After I published this post yesterday, today I saw this article announcing that Amanda Hocking had, indeed, signed a four-book deal with St. Martin’s Press in New York, reportedly for $2 million. As she said in her blog, she’s a writer: “I do not want to spend 40 hours a week handling emails, formatting covers, finding editors, etc. Right now, being me is a full time corporation. … I am spending so much time on things that are not writing.”
Well, for most indie publishers, that’s the reality of becoming a publisher as well as an author–you do a lot of things other than writing. But it’s not a whole lot different if you become a traditionally published author from what I know.
So, if you’re an aspiring author whining about building platform–doing all the social networking, speaking, and other promotional activities required to create a built-in readership for your book, best to get out now or give up your skewed idea of what it means to be a self-published or traditionally published author. It’s not just about writing. It’s about being a business person as well.
If you self-publish, like Hocking, you’ll deal with designers, publishers, formatters, etc.–unless you do it yourself. And that’s a huge time sink.
Plus, I have news for Hocking: She still will have to do some of what she’s been doing…but not as much. She will not have to deal with formatting covers, that’s for sure. Hopefully, she won’t have to find her own editor, although some traditionally published editors do have to take on this task. She’ll still have to promote, answer emails, work with editors…and deal with all those people at the publishing house. No more uploading books to Kindle, though.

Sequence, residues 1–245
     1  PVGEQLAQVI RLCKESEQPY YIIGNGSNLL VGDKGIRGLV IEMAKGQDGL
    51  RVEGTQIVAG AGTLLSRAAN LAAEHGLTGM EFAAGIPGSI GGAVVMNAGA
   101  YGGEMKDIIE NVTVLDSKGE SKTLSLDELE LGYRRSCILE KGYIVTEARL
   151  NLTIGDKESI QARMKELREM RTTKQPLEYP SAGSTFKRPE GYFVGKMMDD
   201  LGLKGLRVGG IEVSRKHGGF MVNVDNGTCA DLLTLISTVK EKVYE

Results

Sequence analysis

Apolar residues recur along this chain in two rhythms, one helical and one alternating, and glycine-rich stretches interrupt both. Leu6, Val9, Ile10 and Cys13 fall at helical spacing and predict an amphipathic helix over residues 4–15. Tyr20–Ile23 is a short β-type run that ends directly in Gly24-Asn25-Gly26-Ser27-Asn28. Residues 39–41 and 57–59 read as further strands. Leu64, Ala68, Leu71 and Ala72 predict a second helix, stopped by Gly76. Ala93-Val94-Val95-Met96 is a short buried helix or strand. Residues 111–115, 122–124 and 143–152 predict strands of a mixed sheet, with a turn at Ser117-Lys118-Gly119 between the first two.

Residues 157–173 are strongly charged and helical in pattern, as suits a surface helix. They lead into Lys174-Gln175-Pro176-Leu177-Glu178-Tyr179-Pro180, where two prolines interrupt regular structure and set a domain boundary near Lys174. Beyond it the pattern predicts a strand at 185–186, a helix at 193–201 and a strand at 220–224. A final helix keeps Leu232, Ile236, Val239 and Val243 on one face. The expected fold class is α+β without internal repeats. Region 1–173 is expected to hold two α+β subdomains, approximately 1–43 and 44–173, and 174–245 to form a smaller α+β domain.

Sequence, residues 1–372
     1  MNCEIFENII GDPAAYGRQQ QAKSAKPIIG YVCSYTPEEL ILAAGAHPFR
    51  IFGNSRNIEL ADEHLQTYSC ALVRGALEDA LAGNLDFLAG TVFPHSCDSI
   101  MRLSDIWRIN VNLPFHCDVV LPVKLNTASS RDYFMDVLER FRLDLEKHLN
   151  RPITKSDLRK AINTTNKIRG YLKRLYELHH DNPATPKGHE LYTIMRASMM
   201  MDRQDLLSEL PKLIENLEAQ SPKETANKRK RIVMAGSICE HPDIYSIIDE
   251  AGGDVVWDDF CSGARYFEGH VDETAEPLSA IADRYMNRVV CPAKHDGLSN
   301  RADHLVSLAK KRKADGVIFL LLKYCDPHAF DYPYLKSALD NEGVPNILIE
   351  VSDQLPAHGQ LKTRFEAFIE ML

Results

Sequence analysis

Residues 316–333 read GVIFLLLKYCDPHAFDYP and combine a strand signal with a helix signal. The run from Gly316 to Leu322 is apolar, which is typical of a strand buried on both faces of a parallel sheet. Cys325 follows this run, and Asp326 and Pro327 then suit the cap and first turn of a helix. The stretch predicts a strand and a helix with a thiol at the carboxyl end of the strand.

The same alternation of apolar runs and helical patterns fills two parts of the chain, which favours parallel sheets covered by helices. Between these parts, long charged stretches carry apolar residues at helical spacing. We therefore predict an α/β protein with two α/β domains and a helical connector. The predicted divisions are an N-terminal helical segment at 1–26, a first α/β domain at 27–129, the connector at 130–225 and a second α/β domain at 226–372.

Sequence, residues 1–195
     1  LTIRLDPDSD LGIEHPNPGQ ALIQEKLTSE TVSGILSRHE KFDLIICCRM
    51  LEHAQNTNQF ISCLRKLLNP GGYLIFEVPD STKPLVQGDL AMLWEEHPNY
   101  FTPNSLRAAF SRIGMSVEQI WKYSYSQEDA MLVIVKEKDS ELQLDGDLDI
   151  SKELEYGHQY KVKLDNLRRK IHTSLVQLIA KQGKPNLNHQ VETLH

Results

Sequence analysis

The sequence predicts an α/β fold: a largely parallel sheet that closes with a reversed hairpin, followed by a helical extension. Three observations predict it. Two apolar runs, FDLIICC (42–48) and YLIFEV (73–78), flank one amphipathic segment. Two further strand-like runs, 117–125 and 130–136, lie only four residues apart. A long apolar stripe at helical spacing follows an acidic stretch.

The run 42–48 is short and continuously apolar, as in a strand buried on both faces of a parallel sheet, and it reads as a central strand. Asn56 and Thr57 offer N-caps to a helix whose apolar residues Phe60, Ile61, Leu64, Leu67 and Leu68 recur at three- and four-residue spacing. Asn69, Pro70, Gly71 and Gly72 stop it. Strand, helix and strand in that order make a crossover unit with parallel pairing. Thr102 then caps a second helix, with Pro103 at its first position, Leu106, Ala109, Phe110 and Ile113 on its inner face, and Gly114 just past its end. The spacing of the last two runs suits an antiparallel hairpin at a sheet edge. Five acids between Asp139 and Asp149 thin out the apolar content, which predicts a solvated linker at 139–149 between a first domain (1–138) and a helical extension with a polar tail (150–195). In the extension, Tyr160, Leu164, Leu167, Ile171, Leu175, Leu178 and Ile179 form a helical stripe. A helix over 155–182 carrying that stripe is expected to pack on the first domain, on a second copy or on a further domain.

That said, you can try simply writing your way to a readership if you don’t want to do any of this business stuff. Some have managed, but they are mostly fiction authors, like Hocking.
In the meantime, why not ask yourself two very important questions:
- Am I willing to do what it takes to become an author? (In other words, do the other things besides write–which helped Hocking get her deal…)
- What do I do every day that doesn’t involve writing and that takes me away from writing already? (We’ll revisit that subject tomorrow…)
[The Hocking traditional book deal story was also covered in Forbes , which I discovered this just after I wrote this post, and Kiri Blakeley basically said the same thing I say here: Hocking is giving up less work than she thinks.(You can also read about the deal in the New York Times.)]